Parts Unknown

Riley wants to prove to Dixon's parents that he didn't kill their son.
Craig Malisow

Donnie Riley sits drunk in the backseat of a car carrying four friends and at least two loaded handguns. They're cruising up Texas 288 from Angleton intending to, the prosecution will later say, "fuck with some niggers." Riley is on probation for selling ecstasy to an undercover cop a year before. He's a racist, the prosecutors will say, but the passenger is half-Mexican and the guy sharing the backseat is full Mexican.

It's the night of June 6, 1991. Tarron Dixon, a young black man who will be shot to death a block from his parents' home in a few hours, is walking to a nightclub with his brother and a friend. Dixon is a lance corporal in the U.S. Marines and a Desert Storm veteran. Two days earlier, he returned to his home near MacGregor Park, about a mile due south of the University of Houston. Dixon, 25, has an estranged wife who's pregnant with another man's child.

Dixon, his younger brother Johnny, and a friend named Daryl are sharing a 40-ounce on the short hike to Club Infinity. Tarron and Johnny started celebrating earlier that day, when Johnny got off work at the Uncle Ben's rice plant. They tinkered around on Johnny's car, knocking back a few beers out of pride and relief that Tarron is home in one piece. Now it's warm enough that Tarron is wearing short purple overalls without a shirt. A black baseball cap is perched upon his flattop, a ten-millimeter gold chain slung around his neck.

Tarron's wearing a watch with a lizard-skin band, his diamond wedding ring and Johnny's gold lion's-head ring and a regular gold nugget ring. In the picture that will run in tomorrow's report on his murder, he'll stare at readers with a baby face that looks incongruous with his military blues and white dress hat, which looks two sizes too big. But tonight, he's got a slight mustache and some stubble. He looks fit and tough, his shirtless chest muscular like a marine's ought to be.

Also heading to Club Infinity this night, separately, are 16-year-old Lasonya Keys and her 18-year-old acquaintance, Gilbert "Rookie" Robertson. Robertson was busted three weeks earlier for an aggravated assault involving a .25-caliber pistol. Keys and Robertson spot each other inside the club around 11 p.m.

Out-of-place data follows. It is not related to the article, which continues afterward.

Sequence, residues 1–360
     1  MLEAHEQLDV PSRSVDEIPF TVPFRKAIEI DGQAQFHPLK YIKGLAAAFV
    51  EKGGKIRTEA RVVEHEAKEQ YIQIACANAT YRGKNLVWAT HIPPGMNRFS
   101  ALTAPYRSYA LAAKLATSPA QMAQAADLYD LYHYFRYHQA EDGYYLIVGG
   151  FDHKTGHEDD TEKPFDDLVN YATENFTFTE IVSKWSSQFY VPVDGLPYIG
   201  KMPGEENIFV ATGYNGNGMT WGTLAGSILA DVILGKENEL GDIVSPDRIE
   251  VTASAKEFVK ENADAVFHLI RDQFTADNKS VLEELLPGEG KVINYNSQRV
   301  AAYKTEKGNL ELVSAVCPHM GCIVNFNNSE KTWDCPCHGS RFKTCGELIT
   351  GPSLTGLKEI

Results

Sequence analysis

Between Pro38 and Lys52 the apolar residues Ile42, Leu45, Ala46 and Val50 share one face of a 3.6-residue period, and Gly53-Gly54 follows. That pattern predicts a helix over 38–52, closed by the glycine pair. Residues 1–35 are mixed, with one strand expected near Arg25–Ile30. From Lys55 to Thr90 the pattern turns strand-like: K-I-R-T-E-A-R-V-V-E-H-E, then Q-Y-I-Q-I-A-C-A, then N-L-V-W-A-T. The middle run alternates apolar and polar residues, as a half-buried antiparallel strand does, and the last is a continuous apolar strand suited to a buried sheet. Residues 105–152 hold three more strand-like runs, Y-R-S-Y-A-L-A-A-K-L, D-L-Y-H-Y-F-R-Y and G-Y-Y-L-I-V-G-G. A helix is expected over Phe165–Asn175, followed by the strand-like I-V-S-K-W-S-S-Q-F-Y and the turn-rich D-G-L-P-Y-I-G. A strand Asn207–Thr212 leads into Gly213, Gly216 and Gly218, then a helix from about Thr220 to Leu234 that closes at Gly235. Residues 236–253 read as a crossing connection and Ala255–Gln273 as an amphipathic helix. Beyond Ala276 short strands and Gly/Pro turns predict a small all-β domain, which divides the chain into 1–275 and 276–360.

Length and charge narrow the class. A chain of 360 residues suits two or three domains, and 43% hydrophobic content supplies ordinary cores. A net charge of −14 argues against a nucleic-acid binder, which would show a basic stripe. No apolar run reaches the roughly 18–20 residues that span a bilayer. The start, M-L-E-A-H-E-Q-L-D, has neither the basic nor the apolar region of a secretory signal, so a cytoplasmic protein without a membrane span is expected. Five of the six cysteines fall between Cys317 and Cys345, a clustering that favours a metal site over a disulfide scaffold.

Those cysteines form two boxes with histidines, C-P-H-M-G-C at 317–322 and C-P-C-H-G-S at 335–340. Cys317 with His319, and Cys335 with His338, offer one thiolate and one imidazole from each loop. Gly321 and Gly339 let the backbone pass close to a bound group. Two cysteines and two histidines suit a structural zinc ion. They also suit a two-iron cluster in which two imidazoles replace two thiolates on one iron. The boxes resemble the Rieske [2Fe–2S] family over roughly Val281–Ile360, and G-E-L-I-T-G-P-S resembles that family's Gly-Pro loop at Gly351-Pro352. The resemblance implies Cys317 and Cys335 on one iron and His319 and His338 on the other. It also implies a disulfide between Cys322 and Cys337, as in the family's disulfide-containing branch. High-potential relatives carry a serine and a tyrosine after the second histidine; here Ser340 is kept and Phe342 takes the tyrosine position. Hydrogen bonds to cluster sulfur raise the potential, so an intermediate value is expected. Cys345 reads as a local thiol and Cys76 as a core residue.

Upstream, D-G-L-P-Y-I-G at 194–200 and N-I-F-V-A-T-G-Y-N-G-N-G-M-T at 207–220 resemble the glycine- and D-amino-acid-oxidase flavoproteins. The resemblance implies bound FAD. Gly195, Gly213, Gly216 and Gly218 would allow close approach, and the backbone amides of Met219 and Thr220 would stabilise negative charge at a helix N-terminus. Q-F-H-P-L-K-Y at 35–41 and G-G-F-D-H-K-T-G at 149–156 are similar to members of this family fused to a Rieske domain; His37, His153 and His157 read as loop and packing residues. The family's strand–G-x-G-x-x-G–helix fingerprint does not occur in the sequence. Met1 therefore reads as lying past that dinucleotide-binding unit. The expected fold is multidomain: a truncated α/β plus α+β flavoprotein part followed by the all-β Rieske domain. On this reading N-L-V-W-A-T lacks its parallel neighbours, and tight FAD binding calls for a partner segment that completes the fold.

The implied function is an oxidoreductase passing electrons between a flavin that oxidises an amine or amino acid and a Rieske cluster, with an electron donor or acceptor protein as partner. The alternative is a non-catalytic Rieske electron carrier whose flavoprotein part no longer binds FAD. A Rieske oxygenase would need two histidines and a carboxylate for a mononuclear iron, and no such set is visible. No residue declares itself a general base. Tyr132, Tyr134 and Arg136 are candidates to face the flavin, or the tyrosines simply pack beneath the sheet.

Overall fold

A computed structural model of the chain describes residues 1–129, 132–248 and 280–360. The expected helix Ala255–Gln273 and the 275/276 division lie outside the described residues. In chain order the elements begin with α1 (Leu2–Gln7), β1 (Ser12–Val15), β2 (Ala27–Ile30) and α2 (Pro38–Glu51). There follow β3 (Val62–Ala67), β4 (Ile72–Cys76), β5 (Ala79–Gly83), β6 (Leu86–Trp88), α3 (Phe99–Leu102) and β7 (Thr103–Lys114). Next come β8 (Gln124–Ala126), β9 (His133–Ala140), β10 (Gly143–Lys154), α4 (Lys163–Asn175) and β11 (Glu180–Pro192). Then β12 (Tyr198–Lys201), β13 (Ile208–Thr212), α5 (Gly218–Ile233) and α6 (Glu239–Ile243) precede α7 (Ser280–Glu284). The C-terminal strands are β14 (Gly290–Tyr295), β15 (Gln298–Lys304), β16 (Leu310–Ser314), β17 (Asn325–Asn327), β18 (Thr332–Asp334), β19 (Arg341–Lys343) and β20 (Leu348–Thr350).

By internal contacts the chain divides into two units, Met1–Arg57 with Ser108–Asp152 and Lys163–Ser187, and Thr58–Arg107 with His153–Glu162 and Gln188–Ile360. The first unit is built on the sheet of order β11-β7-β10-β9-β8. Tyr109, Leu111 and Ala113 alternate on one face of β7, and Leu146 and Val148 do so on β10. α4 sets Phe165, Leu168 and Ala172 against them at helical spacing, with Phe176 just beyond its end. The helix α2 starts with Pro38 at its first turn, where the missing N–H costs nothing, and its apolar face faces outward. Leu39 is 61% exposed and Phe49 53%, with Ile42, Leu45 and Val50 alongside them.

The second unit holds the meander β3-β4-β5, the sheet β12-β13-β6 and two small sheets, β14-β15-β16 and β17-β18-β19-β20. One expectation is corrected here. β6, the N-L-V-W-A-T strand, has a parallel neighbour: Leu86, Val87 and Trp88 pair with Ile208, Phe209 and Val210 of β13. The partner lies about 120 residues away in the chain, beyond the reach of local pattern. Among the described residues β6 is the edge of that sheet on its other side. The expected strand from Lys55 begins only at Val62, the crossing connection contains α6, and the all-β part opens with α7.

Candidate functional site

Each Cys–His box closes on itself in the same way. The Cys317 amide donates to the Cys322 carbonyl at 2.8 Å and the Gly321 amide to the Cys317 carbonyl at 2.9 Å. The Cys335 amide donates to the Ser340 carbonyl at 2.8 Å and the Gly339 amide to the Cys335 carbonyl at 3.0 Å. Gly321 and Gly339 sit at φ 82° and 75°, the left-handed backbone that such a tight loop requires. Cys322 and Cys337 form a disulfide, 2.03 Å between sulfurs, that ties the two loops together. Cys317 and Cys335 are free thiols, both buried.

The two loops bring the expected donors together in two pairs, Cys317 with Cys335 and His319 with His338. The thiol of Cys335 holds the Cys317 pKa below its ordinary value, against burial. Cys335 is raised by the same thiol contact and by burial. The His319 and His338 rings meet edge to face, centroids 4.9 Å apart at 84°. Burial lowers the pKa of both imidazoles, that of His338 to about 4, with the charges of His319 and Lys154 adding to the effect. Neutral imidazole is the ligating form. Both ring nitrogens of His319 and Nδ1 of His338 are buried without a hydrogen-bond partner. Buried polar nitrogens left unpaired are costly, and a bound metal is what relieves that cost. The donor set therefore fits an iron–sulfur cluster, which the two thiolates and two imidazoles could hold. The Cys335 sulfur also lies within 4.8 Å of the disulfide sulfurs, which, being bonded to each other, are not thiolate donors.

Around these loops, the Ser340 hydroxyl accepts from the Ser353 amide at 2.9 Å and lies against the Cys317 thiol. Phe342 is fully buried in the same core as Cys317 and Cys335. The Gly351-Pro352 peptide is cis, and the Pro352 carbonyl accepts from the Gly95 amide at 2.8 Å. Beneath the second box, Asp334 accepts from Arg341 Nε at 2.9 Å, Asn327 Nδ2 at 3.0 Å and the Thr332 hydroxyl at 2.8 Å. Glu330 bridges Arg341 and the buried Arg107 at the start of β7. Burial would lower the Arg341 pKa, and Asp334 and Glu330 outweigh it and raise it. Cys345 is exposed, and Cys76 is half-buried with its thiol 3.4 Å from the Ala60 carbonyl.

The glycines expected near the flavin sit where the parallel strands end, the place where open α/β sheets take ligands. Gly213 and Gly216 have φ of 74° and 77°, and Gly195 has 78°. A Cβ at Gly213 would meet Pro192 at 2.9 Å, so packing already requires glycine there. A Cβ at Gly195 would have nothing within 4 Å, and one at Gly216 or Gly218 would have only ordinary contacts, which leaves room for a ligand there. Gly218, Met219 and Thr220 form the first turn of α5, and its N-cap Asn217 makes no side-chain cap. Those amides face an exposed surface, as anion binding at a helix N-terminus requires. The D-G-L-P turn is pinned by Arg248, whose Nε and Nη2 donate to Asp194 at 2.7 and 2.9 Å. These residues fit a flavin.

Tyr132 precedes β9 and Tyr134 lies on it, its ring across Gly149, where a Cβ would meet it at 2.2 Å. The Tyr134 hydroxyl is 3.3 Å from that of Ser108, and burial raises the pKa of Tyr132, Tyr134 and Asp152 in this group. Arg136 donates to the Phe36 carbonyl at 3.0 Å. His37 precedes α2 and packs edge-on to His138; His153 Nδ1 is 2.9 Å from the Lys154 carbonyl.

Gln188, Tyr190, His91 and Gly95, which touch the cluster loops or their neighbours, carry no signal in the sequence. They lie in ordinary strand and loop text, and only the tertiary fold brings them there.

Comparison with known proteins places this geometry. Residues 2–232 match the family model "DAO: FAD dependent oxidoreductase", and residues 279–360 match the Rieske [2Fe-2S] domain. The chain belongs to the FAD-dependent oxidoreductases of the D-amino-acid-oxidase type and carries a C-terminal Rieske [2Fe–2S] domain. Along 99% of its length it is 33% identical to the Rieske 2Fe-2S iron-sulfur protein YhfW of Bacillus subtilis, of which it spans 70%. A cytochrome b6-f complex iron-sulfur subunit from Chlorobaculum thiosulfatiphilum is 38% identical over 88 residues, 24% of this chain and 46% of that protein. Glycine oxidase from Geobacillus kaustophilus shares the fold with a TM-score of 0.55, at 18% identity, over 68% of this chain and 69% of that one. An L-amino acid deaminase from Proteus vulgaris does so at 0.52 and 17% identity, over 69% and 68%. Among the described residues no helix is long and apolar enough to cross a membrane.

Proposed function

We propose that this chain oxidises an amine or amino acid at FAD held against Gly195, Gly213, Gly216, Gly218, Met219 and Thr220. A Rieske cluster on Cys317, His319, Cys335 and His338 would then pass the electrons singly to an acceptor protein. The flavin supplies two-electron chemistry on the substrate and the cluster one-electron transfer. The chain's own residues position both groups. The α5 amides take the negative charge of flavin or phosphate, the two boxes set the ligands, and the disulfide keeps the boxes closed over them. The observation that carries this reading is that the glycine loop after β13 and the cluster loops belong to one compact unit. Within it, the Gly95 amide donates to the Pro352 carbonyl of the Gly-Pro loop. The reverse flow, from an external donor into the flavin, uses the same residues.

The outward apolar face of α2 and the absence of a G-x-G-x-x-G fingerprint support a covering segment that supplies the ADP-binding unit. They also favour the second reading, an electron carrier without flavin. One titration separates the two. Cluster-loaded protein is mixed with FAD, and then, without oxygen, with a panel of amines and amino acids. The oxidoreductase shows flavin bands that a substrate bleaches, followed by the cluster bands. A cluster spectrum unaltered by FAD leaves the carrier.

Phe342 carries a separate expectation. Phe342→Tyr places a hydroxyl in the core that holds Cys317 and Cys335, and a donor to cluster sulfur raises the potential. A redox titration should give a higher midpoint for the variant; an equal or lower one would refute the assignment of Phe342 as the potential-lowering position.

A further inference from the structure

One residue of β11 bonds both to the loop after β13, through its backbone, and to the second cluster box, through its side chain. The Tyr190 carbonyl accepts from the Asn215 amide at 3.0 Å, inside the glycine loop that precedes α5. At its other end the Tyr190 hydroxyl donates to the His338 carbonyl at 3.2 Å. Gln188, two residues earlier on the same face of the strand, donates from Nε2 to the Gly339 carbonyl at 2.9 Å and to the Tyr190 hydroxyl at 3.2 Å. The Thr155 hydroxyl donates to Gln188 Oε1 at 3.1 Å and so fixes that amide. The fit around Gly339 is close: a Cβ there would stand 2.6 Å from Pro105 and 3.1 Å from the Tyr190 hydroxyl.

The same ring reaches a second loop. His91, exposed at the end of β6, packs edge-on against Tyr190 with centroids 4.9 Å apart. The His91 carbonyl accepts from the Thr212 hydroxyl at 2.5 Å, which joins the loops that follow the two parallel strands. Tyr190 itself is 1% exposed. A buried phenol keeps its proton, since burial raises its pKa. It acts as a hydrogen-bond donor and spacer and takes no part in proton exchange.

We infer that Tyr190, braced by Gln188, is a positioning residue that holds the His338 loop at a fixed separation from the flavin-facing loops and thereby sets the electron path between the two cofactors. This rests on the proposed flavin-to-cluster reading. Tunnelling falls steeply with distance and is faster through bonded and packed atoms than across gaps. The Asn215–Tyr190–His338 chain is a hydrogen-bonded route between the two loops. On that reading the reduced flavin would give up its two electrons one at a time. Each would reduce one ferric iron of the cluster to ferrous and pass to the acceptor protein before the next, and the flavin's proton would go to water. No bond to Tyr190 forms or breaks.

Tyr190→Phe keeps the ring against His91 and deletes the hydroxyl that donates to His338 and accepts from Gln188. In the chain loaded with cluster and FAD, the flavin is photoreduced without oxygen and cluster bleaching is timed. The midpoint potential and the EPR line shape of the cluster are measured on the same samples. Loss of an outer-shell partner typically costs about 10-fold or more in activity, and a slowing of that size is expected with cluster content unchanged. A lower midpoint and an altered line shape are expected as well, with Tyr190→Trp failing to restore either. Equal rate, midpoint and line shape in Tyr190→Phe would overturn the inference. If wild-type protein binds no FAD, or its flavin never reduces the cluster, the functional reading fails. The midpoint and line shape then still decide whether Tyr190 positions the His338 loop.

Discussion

By this time, Riley and his friends are in Houston, no one knows where exactly, but they pass two black males walking down the street. Jorey Thomas, who's behind the wheel of Riley's red 1991 Chrysler LeBaron coupe, says he wants to mess with them. One of them approaches the car and asks what's up.

"What's up," Thomas repeats, and points the gun.

The guy backs up, and Thomas takes off. Thomas wants to go back to shoot him, but Riley and Bobby Folks, riding shotgun, take the pistol from Thomas's hands.

It's now about midnight, and Tarron, Johnny and Daryl are now inside the club, drinking beer. Tarron is smoking a cigarette. Elsewhere in the club, Lasonya and Rookie are arguing.

Meanwhile, making his way through the neighborhood around the club, is Michael Patterson. He's got a .25 and a record.

Patterson and two of his pals walked by Tarron's house earlier that night, when Tarron and Johnny and some friends were hanging in the front yard. Johnny thought they looked like they were casing the place. That's when Johnny told Tarron he better get burglar bars for his home, which their parents just bought him so he could live in the same neighborhood.

"Those three right there," Johnny told Tarron, according to his later testimony, "nine times out of ten, they might try to come in the house."

Patterson and his two partners continued down the street, never taking their eyes off Tarron's house.

Right now, Patterson is on Culmore Drive, two streets north of Club Infinity. He sees someone, draws his .25 and fires. He'll be arrested for aggravated assault, but not tonight.

About 80 minutes after Patterson fires his .25, the Dixon brothers and Daryl step out of Club Infinity and into the pouring rain. It's close to closing time. They start to run home when, along the way, Daryl loses his keys. The three take shelter at the Chevron at Griggs and MLK, where Tarron goes inside to nuke a burger. Johnny and Daryl decide to go back for the keys. Tarron says he'll wait for them at the Chevron.

By this time, Riley's red LeBaron is winding through the residential streets.

Johnny and Daryl trace their way back to Club Infinity, searching for the keys. They can't find them, so they go back to the Chevron to get Tarron, whom they also can't find. Some people tell Johnny and Daryl that Tarron said he was going home. Johnny and Daryl head down Griggs Road toward Tarron's house.